Market Summary


July concluded with the first hurricane of the 2023 season, Tropical Storm Don, which intensified into a Category 1 hurricane on July 22. However, its designation as a hurricane was brief; it returned to tropical storm status on July 23. On August 10, the Climate Prediction Center (part of NOAA) issued an El Nino Advisory. This expects the Pacific Ocean El Niño to continue through the Northern Hemisphere winter, as indicated by above-average sea surface temperatures. The statement emphasizes that a strong El Niño does not necessarily mean strong local impacts. NOAA’s 16-day forecast predicts warm temperatures on both U.S. coasts, cooler temperatures in the Midwest, with a shift expected towards the end of August. The U.S. weather was 17 percent cooler for the week ending August 5 and 0.5 percent cooler in July than last year, but 16 percent warmer than normal.


The EIA Natural Gas Weekly Update reported a decrease in natural gas demand to 74.4 Bcf per day for the week ending August 9, down 3.4 Bcf per day from the same week last year. This decrease was primarily due to a 2.1 Bcf per day reduction in demand from the power generation sector. Overall demand has climbed year-to-date, bolstered by the strength of gas flows to the power sector and for export, and offset by declines in residential and commercial and industrial demand.

According to the August 9 edition of Today in Energy, homes in the Midwest consumed 34 percent more natural gas than the national average in 2020. This percentage represents an increase of 19.5 MMBtu from the national average of 56.6 MMBtu to the Midwest consumption level of 76.1 MMBtu.


Dry gas production is up 2.9 percent from the same week in 2022. The EIA reported a slight decrease in dry gas production week-over-week, falling a total of 0.3 Bcf per day to 102.2 Bcf per day for the week ending August 9.

Pipeline Imports and Exports

According to the EIA, imports from Canada decreased slightly by 0.2 Bcf per day week-over-week to 5.9 Bcf per day for the report week ending August 9. While imports from Canada decreased, exports to Mexico remained unchanged week-over-week at 6.1 Bcf per day.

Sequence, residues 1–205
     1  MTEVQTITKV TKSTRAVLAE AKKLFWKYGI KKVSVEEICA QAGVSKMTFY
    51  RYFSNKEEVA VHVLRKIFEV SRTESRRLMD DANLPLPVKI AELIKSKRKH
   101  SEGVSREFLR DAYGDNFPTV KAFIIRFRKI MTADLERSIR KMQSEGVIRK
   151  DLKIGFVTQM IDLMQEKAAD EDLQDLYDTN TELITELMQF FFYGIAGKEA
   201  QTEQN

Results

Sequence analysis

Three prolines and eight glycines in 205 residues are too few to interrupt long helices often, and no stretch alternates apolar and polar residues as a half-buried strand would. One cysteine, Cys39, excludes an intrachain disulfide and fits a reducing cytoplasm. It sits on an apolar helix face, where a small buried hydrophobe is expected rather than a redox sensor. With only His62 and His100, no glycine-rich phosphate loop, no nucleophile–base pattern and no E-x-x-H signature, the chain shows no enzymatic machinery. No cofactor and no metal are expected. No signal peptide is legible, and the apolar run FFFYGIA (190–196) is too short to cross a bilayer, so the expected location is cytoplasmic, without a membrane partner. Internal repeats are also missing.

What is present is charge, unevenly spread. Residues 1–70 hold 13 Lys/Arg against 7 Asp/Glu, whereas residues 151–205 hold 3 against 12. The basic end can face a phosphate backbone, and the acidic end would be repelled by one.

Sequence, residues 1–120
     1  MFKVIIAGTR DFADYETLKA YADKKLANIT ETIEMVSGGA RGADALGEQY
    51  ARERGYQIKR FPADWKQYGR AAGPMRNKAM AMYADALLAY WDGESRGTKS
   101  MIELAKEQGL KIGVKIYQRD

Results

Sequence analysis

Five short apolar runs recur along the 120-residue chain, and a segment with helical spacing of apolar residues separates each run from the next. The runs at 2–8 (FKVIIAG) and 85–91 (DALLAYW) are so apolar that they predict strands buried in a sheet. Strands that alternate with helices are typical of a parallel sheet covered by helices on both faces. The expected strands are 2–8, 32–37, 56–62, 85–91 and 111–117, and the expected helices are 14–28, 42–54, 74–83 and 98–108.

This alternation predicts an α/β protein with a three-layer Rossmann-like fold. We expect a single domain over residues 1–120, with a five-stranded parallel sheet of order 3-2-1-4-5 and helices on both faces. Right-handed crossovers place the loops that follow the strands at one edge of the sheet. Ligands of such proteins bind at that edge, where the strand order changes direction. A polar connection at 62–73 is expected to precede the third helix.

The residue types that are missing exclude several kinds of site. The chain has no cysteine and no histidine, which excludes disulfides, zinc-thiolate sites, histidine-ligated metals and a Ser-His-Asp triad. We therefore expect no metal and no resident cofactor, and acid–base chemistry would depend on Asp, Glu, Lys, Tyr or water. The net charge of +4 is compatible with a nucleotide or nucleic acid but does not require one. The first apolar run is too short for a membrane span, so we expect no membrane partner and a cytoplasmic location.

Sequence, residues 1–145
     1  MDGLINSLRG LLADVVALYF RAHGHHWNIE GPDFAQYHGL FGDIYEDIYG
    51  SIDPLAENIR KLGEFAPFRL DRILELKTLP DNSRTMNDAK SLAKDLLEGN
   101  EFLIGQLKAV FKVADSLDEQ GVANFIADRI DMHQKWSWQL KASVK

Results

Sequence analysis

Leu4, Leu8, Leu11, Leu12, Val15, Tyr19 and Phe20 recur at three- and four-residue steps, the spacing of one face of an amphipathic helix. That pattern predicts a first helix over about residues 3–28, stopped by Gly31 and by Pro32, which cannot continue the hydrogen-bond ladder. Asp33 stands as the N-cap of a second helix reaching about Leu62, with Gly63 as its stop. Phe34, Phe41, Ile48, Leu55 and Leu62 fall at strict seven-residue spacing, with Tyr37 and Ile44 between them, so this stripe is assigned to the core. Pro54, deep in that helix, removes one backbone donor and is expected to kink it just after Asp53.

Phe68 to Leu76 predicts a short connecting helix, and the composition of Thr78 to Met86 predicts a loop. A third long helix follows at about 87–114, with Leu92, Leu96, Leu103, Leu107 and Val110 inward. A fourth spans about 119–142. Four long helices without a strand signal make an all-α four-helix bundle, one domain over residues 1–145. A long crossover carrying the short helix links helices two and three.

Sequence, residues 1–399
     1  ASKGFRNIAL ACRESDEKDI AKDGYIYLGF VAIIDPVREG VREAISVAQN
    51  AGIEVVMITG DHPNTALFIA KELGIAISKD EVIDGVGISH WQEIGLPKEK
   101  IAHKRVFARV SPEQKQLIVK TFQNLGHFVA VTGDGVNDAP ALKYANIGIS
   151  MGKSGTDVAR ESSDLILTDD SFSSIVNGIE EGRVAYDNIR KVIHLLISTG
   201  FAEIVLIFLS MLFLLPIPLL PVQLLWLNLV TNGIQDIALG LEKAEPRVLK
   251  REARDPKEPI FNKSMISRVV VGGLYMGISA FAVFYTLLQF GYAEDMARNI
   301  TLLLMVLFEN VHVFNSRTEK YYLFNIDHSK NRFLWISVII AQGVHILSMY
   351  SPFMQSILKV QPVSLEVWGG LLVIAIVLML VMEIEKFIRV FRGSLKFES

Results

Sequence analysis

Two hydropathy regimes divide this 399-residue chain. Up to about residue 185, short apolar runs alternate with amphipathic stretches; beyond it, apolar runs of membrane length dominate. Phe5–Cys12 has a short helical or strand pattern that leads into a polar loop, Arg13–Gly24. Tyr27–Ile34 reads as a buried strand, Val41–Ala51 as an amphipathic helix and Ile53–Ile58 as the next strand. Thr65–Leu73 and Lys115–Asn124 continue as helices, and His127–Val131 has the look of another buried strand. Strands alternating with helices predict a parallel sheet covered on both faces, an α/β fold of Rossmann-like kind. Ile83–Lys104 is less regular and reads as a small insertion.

LNG Markets

European prices for natural gas have surged amid supply fears brought upon by the possibility of labor strikes in Australia that could disrupt global LNG supplies. European prices at the TTF have increased 40 percent since June, according to reporting from CNBC, following news of a potential LNG facility strike at major plants in Australia. TTF prices closed at $11.02 as of August 14, but were climbing on intraday markets at the time of this writing. The July 31 edition of Today in Energy shows record-setting levels of natural gas delivered to U.S. LNG export facilities in the first six months of 2023, deliveries averaging 12.8 Bcf per day, or 4% more than the same six-month period in 2022.

Working Gas in Underground Storage

EIA reported 29 Bcf storage build to 3,030 Bcf of working gas inventories for the week ending August 4. Stocks are 11 percent higher than the five-year average and 21 percent higher year-over-year. The refill rate has been one percent higher than the five-year average. Notably, regional stocks are all in double-digit percentage surplus relative to the five-year average except the Pacific region, which is 11.7 percent below the five-year average.

Rig Count

Baker Hughes reported a decline of five rigs in the U.S. rig count, bringing the total to 654 for the week ending August 11. The weekly net decline was entirely comprised of gas rigs. The Permian basin fell by four rigs, two dropped in the Marcellus, and one gas rig increased the count in the Eagle Ford.

Reported Prices

Prompt-month pricing at Henry Hub continues its struggle to rise above $3 per MMBtu. September futures are currently trading at $2.62 per MMBtu. Looking ahead on the futures strip, futures rise as high as 4.00 per MMBtu for the January 2024 contract before falling back again as the winter contracts progress. The modest pricing position for gas commodity reflects demand growth matched by an even faster-growing supply position in terms of rising dry gas production and above-average working gas inventories.

For questions please contact Juan Alvarado | or Morgan Hoy | mhoy@aga.orgTo be added to the distribution list for this report, please notify Lucy Castaneda-Land |


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